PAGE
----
Whether it’s raining cats and dogs or the sun is swelteringly hot, we’re usually thinking ahead to just the right recipe to suit the mood and our own personal barometer. So when the temperature drops outside, our thoughts naturally gravitate to onion soup. French Onion Soup is a favorite, but 60 minutes spent hovering over the stove-top is a lot of time to invest in a simple meal. In this recipe, the slow cooker does all the work for you. Sherry adds fragrance and flavor to the soup, but you can also use white wine if that’s what you have on hand. Nutty-flavored Gruyère, a good melting cheese, makes exceptional toasts. Be sure to garnish with plenty of parsley to add a fresh note.
Slow-Cooked Caramelized Onion Soup with Gruyère Toasts
For the caramelized onions:
- 4 large yellow onions, halved and thinly sliced
- 4 Tbs. (1/2 stick) (2 oz./60 g) unsalted butter, melted
- Kosher salt
- 1/4 cup (2 fl. oz./60 ml) dry white wine
- 1/4 cup (2 fl. oz./60 ml) medium-dry sherry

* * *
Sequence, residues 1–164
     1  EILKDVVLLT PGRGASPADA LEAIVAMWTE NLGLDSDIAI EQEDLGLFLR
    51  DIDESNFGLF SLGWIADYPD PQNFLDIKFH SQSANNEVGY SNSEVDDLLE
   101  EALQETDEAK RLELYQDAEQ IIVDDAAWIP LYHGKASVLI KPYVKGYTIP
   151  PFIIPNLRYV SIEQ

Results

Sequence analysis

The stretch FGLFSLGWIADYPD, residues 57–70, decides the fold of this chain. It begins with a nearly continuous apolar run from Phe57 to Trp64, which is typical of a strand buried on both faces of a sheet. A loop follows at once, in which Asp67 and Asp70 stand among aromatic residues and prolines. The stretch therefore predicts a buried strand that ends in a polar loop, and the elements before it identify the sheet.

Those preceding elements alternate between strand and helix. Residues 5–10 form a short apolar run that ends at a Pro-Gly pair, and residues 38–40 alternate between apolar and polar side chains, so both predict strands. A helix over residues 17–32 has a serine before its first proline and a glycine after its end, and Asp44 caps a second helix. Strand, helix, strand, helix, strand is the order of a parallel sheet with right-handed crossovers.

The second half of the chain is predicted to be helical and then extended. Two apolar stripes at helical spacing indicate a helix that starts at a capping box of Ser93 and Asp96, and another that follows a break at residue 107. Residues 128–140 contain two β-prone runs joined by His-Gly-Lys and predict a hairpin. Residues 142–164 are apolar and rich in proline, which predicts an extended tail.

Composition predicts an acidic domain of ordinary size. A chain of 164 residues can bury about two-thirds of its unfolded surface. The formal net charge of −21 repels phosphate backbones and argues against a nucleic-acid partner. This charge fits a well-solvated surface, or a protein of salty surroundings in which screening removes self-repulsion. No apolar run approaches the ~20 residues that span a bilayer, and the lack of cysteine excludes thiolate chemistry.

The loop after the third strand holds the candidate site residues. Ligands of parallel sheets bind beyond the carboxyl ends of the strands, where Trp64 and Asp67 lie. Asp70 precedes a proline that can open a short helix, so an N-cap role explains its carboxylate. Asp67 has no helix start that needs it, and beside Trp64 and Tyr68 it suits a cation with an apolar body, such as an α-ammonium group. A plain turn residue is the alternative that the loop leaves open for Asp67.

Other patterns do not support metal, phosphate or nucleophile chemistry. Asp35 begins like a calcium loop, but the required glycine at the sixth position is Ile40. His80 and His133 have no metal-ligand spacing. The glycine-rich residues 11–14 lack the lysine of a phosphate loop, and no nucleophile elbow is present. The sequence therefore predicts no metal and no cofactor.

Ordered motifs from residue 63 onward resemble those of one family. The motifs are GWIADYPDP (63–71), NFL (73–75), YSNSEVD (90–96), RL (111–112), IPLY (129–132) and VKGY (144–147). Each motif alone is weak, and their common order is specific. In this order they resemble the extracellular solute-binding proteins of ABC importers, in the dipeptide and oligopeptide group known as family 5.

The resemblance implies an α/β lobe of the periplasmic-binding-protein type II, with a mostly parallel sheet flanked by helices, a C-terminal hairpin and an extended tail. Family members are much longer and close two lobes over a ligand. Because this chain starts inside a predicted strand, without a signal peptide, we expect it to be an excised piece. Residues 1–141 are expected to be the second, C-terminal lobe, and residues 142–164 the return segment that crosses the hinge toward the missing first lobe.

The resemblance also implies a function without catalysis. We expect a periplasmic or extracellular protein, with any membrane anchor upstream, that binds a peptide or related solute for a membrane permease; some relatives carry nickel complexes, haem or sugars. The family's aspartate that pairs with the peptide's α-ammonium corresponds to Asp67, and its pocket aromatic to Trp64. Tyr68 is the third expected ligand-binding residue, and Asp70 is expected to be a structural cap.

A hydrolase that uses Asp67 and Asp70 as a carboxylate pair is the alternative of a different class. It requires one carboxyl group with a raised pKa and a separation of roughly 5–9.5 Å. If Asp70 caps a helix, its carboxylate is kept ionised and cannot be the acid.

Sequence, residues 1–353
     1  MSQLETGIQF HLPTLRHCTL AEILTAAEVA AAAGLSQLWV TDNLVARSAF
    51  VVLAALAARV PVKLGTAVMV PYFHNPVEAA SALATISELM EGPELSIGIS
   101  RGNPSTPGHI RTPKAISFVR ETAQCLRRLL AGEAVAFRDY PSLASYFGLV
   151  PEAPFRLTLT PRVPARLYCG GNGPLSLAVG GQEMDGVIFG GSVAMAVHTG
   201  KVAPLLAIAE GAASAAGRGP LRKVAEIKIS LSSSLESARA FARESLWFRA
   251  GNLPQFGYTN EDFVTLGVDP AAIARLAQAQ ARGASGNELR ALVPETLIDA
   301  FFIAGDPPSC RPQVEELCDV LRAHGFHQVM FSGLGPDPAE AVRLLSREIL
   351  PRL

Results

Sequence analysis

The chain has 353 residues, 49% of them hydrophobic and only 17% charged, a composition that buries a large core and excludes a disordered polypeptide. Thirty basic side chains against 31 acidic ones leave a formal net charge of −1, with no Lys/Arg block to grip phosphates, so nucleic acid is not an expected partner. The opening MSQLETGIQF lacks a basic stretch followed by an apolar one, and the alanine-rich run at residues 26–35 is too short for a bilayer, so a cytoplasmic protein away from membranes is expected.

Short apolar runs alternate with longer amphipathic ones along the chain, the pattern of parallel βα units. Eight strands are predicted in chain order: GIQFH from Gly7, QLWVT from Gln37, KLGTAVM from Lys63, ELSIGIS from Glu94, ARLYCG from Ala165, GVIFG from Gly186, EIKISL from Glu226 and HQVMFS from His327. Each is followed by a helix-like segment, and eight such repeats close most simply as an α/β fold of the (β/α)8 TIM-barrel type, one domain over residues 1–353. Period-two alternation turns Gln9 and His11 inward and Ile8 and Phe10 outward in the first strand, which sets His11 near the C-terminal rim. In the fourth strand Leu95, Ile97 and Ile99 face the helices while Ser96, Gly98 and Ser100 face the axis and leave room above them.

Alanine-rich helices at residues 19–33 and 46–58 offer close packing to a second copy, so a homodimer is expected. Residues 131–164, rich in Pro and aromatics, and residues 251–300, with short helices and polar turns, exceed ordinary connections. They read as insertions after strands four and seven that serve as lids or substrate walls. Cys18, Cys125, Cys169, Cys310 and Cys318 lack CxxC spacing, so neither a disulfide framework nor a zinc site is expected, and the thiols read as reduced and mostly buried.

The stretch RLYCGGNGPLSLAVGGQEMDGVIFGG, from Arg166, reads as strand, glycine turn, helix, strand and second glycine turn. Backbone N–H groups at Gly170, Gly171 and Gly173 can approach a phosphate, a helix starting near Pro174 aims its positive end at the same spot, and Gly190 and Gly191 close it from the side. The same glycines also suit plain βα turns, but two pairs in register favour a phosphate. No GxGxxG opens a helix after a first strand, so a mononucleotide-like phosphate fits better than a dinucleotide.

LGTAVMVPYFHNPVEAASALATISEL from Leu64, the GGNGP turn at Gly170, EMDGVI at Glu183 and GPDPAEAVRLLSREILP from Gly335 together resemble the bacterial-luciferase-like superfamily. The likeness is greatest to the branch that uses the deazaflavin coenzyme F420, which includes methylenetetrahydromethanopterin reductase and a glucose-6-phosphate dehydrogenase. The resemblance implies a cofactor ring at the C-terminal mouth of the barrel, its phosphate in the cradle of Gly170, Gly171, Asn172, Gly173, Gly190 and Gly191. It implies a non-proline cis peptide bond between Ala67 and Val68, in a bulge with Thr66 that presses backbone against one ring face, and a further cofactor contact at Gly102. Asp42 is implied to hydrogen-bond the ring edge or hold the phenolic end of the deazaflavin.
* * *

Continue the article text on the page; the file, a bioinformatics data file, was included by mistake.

- 5 cups (40 fl. oz./1.25 l) beef stock
- 2 fresh thyme sprigs
- 12 baguette slices, cut on the diagonal
- 1/2 cup (2 oz./60 g) grated Gruyère cheese
- 3 Tbs. finely snipped fresh chives
To make the caramelized onions, the night before serving, put the onions in a slow cooker, add the butter and 1 tsp. salt, and toss to coat the onions evenly. Cover and cook on the low setting for 10 hours, stirring once in the first few hours if possible. The next morning, stir the onions, re-cover and cook on the high setting until the onions are golden and most of the liquid has evaporated, 1 to 2 hours. If the liquid has not evaporated, set the lid ajar for 1 to 2 hours to evaporate the liquid while the onions continue to cook. (The onions can be caramelized in advance. Let cool to room temperature, then transfer to an airtight container and refrigerate for up to 3 days or freeze for up to 3 months.)
When the onions are ready, add the white wine, sherry, stock and thyme to the onions and stir well. Cover and cook on the low setting for 5 hours. The onions should be very soft.
Just before the soup is ready, preheat the broiler. Arrange the baguette slices on a rimmed baking sheet and top them with the cheese, arranging it in an even layer. Broil until the tops are golden, about 30 seconds.
Remove and discard the thyme sprigs from the soup. Ladle the soup into shallow bowls, top each serving with 2 or 3 Gruyère toasts, sprinkle with the chives and serve. Serves 4 to 6.
Adapted from Williams Sonoma Everyday Slow Cooking (Weldon Owen 2018)
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